3rd-party data is publicly available data that comes from a variety of sources. Most DSPs are integrated with data providers such as BlueKai, Experian, Nielsen, Exelate, etc. The CPM cost for this data typically varies between fifty cents and three dollars but combinations of data points will increase the CPM.

What are the inventory sources and what formats are being used?

Sources for inventory will range from open exchanges to private marketplaces — and can even include direct sites. A good rule of thumb is that the total CPM will increase as the inventory sources become more exclusive.

Digital unit formats will also play a significant factor in programmatic costs, based on the available supply. For instance, the CPM will change if the format contains display banners, social ads, native content or video. Typically display and social have more efficient costs, while native and video tend to be more expensive.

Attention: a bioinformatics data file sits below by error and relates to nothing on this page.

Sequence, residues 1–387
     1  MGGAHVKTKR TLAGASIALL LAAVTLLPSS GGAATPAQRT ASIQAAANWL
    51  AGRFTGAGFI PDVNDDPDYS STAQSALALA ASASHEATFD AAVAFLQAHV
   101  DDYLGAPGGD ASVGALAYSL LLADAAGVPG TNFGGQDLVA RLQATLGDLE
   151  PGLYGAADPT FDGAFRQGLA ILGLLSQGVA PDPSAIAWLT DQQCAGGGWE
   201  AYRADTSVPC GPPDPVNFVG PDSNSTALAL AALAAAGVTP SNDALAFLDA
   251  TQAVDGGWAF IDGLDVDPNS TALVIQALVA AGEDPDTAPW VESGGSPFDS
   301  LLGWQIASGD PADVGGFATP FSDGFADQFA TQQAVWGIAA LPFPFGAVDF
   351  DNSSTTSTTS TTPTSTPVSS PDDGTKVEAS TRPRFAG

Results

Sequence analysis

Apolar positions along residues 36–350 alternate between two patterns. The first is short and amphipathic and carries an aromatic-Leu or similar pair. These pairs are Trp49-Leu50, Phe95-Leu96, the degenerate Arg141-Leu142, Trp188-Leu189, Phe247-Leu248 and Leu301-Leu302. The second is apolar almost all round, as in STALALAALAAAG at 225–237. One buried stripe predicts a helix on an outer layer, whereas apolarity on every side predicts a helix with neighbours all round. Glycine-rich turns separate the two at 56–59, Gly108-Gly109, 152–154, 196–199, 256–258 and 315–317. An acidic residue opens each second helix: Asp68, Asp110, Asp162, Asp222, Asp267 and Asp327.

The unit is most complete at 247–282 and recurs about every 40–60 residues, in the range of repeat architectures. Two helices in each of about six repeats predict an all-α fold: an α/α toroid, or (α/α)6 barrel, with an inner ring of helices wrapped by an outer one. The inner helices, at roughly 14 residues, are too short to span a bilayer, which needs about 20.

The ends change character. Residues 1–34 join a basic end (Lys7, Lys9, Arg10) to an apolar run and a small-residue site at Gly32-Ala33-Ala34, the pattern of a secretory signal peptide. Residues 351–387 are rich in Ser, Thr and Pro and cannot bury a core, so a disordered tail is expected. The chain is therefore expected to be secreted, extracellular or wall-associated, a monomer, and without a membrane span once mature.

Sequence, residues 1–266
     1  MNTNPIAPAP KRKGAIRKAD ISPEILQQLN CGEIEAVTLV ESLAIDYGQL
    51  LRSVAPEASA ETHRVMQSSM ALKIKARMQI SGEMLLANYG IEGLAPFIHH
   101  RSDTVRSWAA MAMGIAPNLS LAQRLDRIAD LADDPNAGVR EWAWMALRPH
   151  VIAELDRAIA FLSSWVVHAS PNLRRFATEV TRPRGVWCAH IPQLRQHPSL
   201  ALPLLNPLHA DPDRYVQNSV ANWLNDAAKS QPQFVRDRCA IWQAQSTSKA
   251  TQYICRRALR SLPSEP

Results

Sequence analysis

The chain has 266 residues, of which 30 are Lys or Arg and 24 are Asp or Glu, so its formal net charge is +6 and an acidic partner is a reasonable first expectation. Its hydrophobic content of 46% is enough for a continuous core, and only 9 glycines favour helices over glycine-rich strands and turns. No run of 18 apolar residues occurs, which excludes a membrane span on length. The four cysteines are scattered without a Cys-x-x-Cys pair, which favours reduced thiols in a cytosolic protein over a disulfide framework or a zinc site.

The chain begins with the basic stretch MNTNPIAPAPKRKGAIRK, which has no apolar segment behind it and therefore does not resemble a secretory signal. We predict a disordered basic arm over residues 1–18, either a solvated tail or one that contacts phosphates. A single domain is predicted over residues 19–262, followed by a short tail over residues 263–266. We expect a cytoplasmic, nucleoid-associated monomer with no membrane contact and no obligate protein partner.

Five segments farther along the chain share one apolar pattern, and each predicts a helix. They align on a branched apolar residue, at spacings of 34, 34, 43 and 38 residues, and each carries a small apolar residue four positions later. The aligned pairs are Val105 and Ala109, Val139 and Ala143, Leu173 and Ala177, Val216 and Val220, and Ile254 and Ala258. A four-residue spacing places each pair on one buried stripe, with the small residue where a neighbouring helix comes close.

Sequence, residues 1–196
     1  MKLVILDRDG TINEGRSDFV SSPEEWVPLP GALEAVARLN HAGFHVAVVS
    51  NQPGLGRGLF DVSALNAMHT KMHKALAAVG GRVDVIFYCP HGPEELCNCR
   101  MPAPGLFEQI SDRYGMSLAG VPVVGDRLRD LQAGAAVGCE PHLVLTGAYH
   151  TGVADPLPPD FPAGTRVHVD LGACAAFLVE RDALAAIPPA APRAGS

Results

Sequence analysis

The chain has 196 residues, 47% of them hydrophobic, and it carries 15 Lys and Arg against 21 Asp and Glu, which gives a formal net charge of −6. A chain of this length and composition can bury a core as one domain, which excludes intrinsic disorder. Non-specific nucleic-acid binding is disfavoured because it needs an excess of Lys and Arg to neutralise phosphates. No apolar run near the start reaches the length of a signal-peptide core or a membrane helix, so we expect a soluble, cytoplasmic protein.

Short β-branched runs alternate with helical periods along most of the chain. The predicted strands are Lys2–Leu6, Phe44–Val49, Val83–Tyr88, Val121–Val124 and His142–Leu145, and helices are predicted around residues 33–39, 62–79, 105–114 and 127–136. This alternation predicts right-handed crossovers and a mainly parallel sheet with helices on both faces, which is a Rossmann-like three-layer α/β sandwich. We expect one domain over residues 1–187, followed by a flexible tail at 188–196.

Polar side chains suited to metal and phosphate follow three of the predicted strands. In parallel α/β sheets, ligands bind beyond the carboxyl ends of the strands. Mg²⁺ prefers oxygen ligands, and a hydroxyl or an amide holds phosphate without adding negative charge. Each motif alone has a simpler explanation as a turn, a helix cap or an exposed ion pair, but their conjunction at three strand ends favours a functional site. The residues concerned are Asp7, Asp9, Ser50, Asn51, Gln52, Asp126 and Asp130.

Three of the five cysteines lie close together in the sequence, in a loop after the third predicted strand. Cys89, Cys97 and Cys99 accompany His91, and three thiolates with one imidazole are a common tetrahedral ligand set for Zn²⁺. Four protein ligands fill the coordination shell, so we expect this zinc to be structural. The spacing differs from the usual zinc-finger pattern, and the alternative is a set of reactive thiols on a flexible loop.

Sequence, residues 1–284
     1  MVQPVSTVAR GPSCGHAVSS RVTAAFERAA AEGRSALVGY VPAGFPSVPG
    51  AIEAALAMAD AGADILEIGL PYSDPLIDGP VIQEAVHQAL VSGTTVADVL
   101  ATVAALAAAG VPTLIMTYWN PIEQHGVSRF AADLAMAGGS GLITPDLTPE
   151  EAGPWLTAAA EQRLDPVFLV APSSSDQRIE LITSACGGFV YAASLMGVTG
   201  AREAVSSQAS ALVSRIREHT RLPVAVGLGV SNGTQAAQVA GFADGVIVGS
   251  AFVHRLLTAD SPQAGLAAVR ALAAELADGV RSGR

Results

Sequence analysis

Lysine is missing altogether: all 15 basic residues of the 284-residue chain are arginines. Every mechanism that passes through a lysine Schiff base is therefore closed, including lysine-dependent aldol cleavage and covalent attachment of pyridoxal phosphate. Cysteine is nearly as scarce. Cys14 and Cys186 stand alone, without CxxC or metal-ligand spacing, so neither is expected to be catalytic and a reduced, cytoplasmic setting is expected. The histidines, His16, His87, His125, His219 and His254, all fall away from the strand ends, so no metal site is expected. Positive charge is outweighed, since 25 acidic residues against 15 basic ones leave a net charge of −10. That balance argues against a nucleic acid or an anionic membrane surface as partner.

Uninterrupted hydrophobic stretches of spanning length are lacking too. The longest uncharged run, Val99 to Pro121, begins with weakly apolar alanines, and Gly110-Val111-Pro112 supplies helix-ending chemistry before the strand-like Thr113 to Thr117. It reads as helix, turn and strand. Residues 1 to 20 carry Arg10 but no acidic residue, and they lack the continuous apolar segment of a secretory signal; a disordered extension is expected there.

Mastering Programmatic Basics

The programmatic ecosystem is highly complex. As a marketer, you don’t need to know every intricacy of the technology. However, some basic knowledge of the input factors and asking the right questions can deepen your understanding of what you are purchasing, which can vastly improve your campaign performance.

And, who knows? Armed with the answers to these questions, you may even have a shot at understanding the IAB Programmatic Fee Transparency Calculator.

Title image by Catherine McMahon